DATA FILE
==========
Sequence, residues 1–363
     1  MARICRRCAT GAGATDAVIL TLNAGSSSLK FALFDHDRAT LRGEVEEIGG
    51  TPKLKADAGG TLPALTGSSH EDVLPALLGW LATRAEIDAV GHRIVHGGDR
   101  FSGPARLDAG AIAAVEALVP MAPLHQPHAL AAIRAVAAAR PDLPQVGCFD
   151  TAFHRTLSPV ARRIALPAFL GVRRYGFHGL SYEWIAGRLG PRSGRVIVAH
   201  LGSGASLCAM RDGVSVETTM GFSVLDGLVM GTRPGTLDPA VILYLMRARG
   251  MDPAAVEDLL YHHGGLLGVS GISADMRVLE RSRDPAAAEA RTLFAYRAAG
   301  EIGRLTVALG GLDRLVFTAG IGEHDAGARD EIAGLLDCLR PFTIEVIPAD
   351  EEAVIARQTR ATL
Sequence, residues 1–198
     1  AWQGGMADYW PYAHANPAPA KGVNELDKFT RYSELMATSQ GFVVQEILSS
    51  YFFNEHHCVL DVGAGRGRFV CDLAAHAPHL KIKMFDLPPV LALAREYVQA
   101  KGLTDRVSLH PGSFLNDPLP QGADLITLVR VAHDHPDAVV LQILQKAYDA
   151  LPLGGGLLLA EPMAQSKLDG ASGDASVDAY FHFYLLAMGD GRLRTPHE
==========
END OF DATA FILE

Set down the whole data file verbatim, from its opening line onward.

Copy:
Sequence, residues 1–363
     1  MARICRRCAT GAGATDAVIL TLNAGSSSLK FALFDHDRAT LRGEVEEIGG
    51  TPKLKADAGG TLPALTGSSH EDVLPALLGW LATRAEIDAV GHRIVHGGDR
   101  FSGPARLDAG AIAAVEALVP MAPLHQPHAL AAIRAVAAAR PDLPQVGCFD
   151  TAFHRTLSPV ARRIALPAFL GVRRYGFHGL SYEWIAGRLG PRSGRVIVAH
   201  LGSGASLCAM RDGVSVETTM GFSVLDGLVM GTRPGTLDPA VILYLMRARG
   251  MDPAAVEDLL YHHGGLLGVS GISADMRVLE RSRDPAAAEA RTLFAYRAAG
   301  EIGRLTVALG GLDRLVFTAG IGEHDAGARD EIAGLLDCLR PFTIEVIPAD
   351  EEAVIARQTR ATL
Sequence, residues 1–198
     1  AWQGGMADYW PYAHANPAPA KGVNELDKFT RYSELMATSQ GFVVQEILSS
    51  YFFNEHHCVL DVGAGRGRFV CDLAAHAPHL KIKMFDLPPV LALAREYVQA
   101  KGLTDRVSLH PGSFLNDPLP QGADLITLVR VAHDHPDAVV LQILQKAYDA
   151  LPLGGGLLLA EPMAQSKLDG ASGDASVDAY FHFYLLAMGD GRLRTPHE